NOTE: The spelling of this placename has been checked in Wikipedia, A History of Britain through Time, Google Earth, and a contemporary atlas available in Britain. In each case it is spelled "Weobley", but the Family History Library Catalog spells it "Weobly".
The name possibly derives from 'Wibba's Ley', a ley being a woodland glade and Wibba being a local Saxon landowner. In the Domesday Book the village name was transcribed as Wibelai. It is still pronounced as "Web-ley" (the spelling being similar to nearby Leominster which also does not pronounce the letter 'o' in its name).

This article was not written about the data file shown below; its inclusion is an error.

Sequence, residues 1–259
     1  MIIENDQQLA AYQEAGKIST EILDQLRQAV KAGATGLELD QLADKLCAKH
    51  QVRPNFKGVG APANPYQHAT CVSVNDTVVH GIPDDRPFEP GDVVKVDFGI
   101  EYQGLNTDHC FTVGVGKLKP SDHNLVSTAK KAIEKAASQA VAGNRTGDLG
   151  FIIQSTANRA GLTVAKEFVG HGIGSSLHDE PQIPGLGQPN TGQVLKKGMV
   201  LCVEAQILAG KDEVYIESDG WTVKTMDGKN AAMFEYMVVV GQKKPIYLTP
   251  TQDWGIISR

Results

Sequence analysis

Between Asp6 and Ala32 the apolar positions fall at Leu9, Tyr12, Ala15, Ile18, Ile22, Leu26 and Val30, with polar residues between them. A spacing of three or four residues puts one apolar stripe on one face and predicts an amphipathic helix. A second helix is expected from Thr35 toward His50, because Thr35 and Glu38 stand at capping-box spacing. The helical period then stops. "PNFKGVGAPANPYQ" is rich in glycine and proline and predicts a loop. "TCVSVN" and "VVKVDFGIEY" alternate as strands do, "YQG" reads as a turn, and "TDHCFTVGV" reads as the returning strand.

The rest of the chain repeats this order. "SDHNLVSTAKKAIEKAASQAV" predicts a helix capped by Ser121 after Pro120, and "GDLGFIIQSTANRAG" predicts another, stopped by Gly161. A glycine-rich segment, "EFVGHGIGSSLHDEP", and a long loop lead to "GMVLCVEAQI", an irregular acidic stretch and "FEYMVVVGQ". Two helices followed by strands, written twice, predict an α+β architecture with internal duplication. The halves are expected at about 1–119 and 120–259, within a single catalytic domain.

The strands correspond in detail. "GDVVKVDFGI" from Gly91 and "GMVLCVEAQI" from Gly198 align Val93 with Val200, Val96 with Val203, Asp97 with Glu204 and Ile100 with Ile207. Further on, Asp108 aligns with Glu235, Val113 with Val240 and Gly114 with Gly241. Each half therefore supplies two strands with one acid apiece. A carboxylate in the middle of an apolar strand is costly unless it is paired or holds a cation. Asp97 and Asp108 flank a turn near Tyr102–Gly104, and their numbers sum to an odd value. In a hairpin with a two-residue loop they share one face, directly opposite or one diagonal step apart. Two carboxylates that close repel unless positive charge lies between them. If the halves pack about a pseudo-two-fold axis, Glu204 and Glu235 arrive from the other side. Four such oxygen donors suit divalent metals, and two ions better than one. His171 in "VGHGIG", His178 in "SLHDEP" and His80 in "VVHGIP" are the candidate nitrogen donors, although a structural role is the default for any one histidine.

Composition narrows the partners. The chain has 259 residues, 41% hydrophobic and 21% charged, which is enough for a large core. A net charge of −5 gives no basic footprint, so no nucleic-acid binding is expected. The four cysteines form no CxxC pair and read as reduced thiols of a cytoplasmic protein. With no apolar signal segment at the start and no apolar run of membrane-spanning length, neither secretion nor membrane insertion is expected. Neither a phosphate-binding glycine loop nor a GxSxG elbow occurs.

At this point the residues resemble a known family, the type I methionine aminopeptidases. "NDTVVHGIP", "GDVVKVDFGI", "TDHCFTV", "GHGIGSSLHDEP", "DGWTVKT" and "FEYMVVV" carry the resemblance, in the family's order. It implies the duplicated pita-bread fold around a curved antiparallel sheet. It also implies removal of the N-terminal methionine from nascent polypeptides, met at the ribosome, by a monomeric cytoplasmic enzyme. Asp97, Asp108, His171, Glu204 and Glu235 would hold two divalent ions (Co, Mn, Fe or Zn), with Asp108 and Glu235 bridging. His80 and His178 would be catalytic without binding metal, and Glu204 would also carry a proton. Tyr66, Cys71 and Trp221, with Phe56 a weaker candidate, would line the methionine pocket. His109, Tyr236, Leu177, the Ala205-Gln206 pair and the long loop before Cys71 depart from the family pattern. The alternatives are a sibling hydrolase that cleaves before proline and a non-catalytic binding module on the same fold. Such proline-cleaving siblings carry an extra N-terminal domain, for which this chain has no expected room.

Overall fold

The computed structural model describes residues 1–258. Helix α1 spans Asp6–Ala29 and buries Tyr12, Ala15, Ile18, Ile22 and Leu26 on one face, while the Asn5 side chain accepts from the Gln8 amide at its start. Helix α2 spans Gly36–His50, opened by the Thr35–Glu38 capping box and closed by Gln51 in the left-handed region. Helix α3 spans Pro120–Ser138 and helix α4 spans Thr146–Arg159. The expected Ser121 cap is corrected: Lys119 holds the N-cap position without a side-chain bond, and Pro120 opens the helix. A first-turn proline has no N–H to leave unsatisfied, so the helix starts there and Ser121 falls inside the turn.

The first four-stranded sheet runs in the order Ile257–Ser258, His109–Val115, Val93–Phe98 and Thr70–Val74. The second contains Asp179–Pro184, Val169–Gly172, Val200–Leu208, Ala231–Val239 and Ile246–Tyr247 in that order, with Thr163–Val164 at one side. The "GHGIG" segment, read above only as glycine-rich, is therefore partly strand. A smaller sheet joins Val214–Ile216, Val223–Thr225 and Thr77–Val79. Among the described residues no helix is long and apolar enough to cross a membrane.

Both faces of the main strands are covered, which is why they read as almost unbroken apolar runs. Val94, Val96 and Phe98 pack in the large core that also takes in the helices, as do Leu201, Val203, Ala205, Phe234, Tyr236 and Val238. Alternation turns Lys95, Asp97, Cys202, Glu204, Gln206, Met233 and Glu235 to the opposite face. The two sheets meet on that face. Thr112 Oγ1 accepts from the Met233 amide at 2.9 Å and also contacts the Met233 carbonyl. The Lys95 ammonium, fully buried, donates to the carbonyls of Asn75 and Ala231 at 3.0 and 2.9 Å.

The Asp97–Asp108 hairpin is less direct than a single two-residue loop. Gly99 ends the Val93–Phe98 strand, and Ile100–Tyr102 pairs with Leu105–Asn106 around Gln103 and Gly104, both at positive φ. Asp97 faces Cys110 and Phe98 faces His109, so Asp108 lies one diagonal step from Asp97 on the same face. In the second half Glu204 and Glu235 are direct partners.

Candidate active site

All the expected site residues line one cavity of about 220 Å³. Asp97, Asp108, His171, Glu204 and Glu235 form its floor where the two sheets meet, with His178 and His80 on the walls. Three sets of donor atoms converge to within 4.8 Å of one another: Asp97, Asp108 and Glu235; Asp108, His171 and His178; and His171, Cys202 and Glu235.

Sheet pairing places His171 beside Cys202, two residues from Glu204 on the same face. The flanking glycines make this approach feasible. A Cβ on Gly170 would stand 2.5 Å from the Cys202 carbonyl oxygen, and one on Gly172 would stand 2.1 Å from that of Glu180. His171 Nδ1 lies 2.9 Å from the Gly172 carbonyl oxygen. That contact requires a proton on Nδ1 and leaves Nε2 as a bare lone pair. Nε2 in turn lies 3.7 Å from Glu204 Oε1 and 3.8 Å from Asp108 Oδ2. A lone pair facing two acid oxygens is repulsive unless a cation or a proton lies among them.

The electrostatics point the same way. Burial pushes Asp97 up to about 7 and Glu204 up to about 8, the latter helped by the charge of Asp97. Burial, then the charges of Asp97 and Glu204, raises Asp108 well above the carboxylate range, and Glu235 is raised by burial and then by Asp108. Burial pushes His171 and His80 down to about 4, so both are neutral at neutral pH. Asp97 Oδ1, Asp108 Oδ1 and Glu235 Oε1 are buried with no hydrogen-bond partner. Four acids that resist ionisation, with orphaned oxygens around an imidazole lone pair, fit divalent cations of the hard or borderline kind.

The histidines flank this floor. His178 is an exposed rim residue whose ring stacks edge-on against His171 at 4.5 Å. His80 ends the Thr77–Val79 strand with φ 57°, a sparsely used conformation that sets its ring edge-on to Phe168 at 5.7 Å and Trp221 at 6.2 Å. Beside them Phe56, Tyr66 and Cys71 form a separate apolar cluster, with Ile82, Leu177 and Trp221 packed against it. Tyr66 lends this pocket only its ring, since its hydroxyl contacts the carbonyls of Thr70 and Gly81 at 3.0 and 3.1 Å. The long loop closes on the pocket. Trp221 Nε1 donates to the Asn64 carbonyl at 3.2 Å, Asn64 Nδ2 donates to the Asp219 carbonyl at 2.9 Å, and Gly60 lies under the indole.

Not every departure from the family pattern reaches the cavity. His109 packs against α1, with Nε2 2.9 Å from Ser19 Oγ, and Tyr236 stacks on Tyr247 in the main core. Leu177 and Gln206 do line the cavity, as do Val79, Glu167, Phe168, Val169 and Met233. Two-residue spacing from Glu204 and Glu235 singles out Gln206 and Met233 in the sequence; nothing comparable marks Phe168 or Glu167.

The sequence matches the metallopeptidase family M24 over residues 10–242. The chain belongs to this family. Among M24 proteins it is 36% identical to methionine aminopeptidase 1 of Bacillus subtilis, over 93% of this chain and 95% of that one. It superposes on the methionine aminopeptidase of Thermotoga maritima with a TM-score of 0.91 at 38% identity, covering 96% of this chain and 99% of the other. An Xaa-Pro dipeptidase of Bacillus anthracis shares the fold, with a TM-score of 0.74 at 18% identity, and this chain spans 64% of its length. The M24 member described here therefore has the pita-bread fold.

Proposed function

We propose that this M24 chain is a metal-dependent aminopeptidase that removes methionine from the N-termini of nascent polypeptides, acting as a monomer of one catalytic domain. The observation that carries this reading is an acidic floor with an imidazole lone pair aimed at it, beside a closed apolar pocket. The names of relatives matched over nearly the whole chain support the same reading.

In the Saxon period it is known that brewing and glove-making were carried out in the village.
The village has an historic church, the Church of St Peter and St Paul, with a Norman south doorway, a 13th-century chancel and 14th-century tower and a spire that is the second-tallest in the county; castle ruins; a high school and a primary school with a pioneering system of heating.
It was once incorporated as a borough, sending two Members of Parliament to the House of Commons until the Reform Act 1832, (see Weobley (UK Parliament constituency) and once had a borough corporation.
In 2001 the artist Walenty Pytel completed a sculpture of a magpie for the village (a magpie is the village's emblem). The sculpture was commissioned after the village won the Calor Gas/Daily Telegraph Great Britain Village of the Year in 1999.